1. This is a plaintiff's appeal in a suit for sale on a mortgage of 12th August 1910 executed by Qadam Singh. On 18th January 1915 Qadam Singh executed another mortgage in favour of Shib Shankar. On 26th May 1920, Shib Shankar sued on his mortgage of 18th January 1915 and obtained a decree which was made final on 2nd February 1921. Shib Shankar then sold the decree to Roshan Lal respondent 1.
2. On 21st February 1923, Net Ram the plaintiff-appellant, instituted a suit for sale against Qadam Singh, his sons and grandsons So enforce his mortgage of 12th August 1910. In this suit he did not implead either Shib Shankar or Roshan Lal. He unsuccessfully tried to implead the subsequent mortgagee or his representative in the execution proceedings but failed. On 26th June 1925 Roshan Lal, in execution of his decree on foot of the mortgage of 12th January 1915, purchased the property now in suit and obtained possession thereof on 11th November 1926.
3. Nait Ram finding that he could not obtain possession of the property mortgaged to him instituted a second suit for sale on the mortgage of 12th August 1910 impleading Qadam Singh, his sons and grandsons and Roshan Lal the purchaser of the property in execution of the decree obtained under' the subsequent mortgage. The plaintiff was met with the plea that the claim was barred by limitation as the time for suit expired on 13th August 1922. This the plaintiff admitted but pleaded that Roshan Lal had acknowledged his liability on 17th June 1921 in a statement made in an affidavit of that date.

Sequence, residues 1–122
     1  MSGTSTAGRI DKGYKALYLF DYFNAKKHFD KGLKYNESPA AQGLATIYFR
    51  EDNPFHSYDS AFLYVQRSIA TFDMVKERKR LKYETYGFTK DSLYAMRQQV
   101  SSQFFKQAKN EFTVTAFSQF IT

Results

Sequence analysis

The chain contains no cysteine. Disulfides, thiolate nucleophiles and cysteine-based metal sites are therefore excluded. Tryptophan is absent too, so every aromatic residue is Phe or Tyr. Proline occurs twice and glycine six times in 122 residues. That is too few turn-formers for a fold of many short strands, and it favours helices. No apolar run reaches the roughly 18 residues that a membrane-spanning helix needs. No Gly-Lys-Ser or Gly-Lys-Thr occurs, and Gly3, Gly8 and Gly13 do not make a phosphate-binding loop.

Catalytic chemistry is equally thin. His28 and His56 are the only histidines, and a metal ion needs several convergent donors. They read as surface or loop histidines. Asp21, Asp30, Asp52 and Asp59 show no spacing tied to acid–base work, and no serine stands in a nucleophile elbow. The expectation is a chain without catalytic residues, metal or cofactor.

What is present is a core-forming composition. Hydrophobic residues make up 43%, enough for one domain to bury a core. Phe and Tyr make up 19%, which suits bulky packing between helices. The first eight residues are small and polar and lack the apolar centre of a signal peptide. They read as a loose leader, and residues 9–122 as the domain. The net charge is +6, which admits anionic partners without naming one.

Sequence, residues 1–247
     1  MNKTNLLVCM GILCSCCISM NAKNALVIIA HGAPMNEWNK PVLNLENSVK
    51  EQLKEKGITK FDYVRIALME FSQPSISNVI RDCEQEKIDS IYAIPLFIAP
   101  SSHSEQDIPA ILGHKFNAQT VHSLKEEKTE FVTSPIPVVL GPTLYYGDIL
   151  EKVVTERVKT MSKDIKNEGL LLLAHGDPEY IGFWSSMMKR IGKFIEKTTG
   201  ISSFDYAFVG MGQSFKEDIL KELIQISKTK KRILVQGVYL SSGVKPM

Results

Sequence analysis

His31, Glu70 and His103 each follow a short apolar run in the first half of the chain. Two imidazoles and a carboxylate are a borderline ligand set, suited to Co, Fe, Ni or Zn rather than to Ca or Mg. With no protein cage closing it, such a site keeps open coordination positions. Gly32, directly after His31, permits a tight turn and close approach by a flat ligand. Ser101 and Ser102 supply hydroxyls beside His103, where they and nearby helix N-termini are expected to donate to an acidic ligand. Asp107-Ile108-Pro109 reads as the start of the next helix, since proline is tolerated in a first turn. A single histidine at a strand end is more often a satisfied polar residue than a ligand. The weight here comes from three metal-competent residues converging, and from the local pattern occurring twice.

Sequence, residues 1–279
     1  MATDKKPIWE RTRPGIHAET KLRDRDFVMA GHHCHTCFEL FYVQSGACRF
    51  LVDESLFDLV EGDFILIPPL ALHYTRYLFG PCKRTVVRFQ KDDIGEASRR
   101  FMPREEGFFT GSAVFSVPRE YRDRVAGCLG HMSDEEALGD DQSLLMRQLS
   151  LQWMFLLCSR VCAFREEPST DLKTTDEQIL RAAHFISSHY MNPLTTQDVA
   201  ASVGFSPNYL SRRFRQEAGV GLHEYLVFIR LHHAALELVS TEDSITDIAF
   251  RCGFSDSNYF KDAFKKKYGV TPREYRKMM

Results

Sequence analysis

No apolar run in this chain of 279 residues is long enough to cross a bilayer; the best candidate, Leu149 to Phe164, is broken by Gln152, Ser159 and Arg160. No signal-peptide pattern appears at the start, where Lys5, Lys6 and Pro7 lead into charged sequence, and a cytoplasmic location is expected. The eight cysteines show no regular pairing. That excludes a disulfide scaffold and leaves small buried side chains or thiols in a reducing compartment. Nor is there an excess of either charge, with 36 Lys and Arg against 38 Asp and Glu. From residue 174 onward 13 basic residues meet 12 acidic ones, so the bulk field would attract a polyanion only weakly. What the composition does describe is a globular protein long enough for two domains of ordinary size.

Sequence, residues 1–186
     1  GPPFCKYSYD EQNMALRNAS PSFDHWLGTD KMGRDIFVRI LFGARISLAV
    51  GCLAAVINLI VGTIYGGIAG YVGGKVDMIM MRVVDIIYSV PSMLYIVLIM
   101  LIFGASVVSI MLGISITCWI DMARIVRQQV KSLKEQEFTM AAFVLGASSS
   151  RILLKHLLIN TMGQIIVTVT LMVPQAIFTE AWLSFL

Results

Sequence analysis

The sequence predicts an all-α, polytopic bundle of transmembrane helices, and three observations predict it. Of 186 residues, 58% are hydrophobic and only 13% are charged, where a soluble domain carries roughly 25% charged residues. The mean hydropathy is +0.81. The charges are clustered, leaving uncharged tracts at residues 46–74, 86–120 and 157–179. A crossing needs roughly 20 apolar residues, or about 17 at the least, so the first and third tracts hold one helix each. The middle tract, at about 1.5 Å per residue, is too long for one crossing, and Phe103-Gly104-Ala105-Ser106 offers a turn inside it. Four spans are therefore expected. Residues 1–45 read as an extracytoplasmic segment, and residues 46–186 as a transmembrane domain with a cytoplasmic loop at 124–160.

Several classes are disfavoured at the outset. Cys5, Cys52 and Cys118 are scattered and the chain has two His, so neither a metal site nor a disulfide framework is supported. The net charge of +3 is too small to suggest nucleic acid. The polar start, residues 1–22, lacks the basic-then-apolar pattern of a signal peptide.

4. The Court of first instance disallowed the plea of the defendant and decreed the suit. On appeal the learned Judge has dismissed the suit; hence this second appeal before us.
5. We have heard the learned advocate for the parties and have examined all the cases that have been laid before us carefully. We have come to the conclusion that the case must be decided on what the defendant Roshan Lal must be deemed to have said in the affidavit of 17th June 1921 and if that amounts to an acknowledgment of liability, i.e., an admission of any liability by' himself or liability on the property the claim cannot be held to be barred by limitation.
6. Under Order 21, Rule 66, Civil P.C., every application for an order for sale has to be accompanied by a statement signed and verified in the manner prescribed for the signing and verification of pleadings and containing:
so far as they are known to or can be ascertained by the person making the verification the matters required by Sub-rule 2 to be specified in the proclamation.
7. Clause (c), Sub-rule 2 says 'any encumbrance to which the property is liable' is to be stated.
8. An examination of the statement of Roshan Lal dated 17th June 1921 in our opinion shows that all that Roshan Lal informed the Court was that upon an examination of the registration office he found that there was a mortgage deed of the property of which the sale proclamation was to issue which had been registered on 17th August 1910.
9. This in our opinion is not an acknowledgment of any liability affixed to the property or personally to Roshan Lal. It cannot be taken to be an acknowledgment of a liability within the meaning of Section 19, Lim. Act.
10. For the above reasons we are of opinion that this appeal must be dismissed and we dismiss it with costs.